Bittersweet goodbyes as Hajj pilgrims perform Farewell Tawaf

Worshippers talk about what led them to make the journey this year and their desire to help others

Ahmed Soliman, centre, had never performed Hajj himself but found himself leading a group of Kenyan Muslims to answer the call of God. Photo: Saleh Al Shaibany
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This year's Hajj has presented an great opportunity for many Muslims to atone for the sins they committed over the past three years, owing to the pilgrimage being restricted amid the Covid-19 pandemic.

The son of a Kenyan millionaire spent more than half a million dollars from his father’s will to help 120 people to perform their first Hajj.

Ahmed Soliman, 43, had never performed Hajj himself but found himself leading a group of Kenyan Muslims to answer the call of God.

“I was busy with life and religion was never my strongest point. I would like to make an excuse that I was helping my father making millions, so I did not have time for prayers and other things that make a good Muslim,” he told The National.

His father, Suleiman Said, who died last February, made his fortune in the construction business and left in his will instructions that part of his estate should finance pilgrims in 2022.

But many of the people at this year’s Hajj have stories to tell — often littered with hardships.

Former taxi driver Juma Ismail, who is part of Mr Suleiman's group, was left in a wheelchair after a road accident.

“I am eternally grateful for their generosity because there is no way I could earn enough money to be here,” Mr Ismail, said.

Tasneem Qassim, a Pakistani who was working in Kuwait, was left in a similar situation after crushing his right leg in a fall.

“I was a bricklayer of a construction company in Kuwait and had a 10-foot fall from a wall that left my right leg needing an amputation. That was back in 2017. I did not believe when I got a call that my application for Hajj was approved from kind donors in Karachi,” Mr Qassim told The National.

In October last year, schoolteacher Bakari Hassan came out of a prison in Tanzania penniless after committing a petty crime.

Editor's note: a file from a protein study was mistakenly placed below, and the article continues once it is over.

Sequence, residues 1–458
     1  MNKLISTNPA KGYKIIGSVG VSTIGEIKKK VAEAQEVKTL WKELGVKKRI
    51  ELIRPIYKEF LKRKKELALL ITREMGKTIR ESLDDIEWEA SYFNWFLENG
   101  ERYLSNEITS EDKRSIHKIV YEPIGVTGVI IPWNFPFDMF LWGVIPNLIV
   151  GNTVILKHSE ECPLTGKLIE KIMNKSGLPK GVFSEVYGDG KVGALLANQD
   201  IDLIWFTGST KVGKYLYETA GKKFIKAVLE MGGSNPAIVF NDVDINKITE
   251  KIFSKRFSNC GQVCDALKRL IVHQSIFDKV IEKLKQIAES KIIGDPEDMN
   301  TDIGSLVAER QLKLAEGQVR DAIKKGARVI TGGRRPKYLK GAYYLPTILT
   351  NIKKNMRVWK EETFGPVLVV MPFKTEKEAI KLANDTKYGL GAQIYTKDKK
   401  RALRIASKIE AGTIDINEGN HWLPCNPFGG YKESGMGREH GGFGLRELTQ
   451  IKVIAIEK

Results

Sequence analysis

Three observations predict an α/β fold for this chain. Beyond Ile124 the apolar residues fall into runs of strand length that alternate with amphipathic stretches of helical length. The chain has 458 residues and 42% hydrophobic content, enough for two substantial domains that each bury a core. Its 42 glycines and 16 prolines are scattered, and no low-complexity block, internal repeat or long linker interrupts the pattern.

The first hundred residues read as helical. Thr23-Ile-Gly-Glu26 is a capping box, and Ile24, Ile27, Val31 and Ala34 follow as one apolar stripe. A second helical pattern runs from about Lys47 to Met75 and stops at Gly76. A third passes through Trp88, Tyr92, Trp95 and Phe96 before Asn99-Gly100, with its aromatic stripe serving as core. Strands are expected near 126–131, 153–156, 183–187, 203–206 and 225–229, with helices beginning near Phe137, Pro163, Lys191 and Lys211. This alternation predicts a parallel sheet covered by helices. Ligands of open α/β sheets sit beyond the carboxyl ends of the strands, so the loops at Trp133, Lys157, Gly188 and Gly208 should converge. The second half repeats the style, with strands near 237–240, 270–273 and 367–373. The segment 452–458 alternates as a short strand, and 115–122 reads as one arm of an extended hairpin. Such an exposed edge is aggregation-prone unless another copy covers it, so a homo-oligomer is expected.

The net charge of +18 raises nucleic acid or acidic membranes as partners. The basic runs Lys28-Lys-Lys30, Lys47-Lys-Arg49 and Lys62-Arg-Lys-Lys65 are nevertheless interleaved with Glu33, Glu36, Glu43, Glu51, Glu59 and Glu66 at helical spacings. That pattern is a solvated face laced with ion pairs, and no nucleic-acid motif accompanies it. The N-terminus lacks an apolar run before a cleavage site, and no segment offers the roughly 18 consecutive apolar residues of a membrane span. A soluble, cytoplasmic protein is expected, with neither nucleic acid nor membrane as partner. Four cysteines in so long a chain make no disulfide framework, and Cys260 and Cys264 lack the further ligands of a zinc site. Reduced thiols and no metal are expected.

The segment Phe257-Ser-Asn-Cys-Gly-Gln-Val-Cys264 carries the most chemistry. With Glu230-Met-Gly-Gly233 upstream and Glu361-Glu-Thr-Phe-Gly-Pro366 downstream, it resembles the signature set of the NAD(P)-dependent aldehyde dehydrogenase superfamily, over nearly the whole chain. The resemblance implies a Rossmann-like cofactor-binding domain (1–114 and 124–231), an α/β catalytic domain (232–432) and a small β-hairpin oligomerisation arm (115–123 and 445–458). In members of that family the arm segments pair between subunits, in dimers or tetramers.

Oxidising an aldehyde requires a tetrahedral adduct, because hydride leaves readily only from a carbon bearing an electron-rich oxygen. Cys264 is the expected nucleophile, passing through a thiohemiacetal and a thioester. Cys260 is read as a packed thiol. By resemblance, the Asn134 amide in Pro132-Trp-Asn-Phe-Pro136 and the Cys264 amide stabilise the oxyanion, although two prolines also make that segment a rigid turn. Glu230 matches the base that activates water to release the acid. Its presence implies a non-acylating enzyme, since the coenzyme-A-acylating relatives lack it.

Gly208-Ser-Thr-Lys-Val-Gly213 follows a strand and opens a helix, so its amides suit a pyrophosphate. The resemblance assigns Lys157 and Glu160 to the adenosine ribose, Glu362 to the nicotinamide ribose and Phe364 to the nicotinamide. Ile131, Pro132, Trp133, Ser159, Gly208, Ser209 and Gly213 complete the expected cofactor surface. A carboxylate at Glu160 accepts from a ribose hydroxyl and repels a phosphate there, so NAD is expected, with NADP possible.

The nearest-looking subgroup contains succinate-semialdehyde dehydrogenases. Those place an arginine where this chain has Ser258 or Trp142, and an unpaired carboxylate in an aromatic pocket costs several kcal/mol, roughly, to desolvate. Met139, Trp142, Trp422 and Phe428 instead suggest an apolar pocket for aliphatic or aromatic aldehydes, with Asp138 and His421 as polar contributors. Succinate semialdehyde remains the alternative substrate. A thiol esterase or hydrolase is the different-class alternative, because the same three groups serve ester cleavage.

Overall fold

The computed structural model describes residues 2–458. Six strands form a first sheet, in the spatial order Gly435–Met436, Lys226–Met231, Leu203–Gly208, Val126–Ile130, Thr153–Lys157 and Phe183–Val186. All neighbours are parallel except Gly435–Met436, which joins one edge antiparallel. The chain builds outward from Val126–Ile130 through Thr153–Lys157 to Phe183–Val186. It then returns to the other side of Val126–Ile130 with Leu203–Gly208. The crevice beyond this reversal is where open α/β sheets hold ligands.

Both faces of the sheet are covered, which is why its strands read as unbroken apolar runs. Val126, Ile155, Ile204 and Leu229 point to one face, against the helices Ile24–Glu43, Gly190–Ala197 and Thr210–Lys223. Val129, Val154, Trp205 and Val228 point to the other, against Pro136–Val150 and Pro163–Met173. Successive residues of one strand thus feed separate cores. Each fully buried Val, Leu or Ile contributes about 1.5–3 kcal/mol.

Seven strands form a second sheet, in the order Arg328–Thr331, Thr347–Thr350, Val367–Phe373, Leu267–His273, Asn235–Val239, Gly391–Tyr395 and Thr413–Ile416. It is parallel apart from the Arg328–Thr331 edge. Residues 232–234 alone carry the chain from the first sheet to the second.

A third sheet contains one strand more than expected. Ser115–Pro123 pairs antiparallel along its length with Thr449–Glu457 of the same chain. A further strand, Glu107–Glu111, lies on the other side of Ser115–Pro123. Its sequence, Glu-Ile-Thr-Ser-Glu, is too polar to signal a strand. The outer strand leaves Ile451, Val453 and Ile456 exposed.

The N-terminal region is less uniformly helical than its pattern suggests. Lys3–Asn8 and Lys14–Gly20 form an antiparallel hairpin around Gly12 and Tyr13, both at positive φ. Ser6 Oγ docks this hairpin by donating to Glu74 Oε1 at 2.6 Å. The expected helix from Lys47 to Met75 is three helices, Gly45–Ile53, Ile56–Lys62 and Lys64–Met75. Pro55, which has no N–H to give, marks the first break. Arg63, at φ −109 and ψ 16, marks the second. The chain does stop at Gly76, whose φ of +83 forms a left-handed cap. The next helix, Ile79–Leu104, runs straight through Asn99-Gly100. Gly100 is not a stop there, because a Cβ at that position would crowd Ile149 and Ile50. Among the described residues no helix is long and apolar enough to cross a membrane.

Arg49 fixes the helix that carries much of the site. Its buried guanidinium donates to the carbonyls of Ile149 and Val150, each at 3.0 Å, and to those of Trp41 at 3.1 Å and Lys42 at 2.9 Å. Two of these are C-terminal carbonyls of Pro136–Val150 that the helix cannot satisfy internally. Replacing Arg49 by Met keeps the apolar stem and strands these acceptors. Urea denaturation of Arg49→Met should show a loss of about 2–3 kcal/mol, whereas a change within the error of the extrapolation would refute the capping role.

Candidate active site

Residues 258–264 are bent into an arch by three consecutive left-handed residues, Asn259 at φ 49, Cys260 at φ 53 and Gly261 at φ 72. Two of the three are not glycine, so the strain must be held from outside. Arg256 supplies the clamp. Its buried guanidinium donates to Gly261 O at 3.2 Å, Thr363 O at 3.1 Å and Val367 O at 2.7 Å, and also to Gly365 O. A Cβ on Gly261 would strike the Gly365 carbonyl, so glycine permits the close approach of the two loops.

“I went to prison for not honouring six cheques and was sentenced to three months. I did not have a cent when I came out. I wanted to repent my sins and my friends came with enough money to send me here for Hajj,” the 34-year-old chemistry teacher said.

But for Waleed Al Mahrizi, with his high-pressure job as a manager with Oman’s state-run company OQ, Hajj presented a welcome opportunity to help others and bring some peace and a higher purpose into his life.

“I have paid for myself this Hajj, but I am also here to help a group of Omani pilgrims to adhere to safety procedures as an HSE expert. It brings peace in my heart to do it,” Mr Al Mahrizi said.

Most pilgrims had a positive experience in his year's Hajj, reassured by the many precautions issued by the Saudi Ministry of Hajj and Umrah and other participating authorities.

“The Saudi Hajj police did a commendable job in easing our three kilometre walk from Mina to Jamarat, and the traffic flow to different places,” said Kuwaiti pilgrim Said Al Hammali.

International pilgrims are expected on Wednesday to perform the Farewell Tawaaf after concluding three sessions of the stoning of the devil ritual.

Hajj pilgrims perform the Farewell Tawaf

Worshippers perform the farewell tawaf (circumambulation) in the holy Saudi city of Mecca on July 11, 2022, marking the end of this year's Hajj.  (Photo by AFP)

“We did everything except the Farewell Tawaf that we are planning to do on Wednesday," said Mohammed Al Hashmi, an Iranian pilgrim.

"All went surprisingly well and we expect no problems on Wednesday, and praise to Lord and the Saudi authorities for taking care of us."

The Farewell Tawaf is the last ritual and pilgrims need to leave Makkah as soon as it is completed. It is not obligatory to perform it but it is highly recommended.

Most of the foreign pilgrims are expected to fly back home at the weekend.

Updated: July 12, 2022, 12:40 PM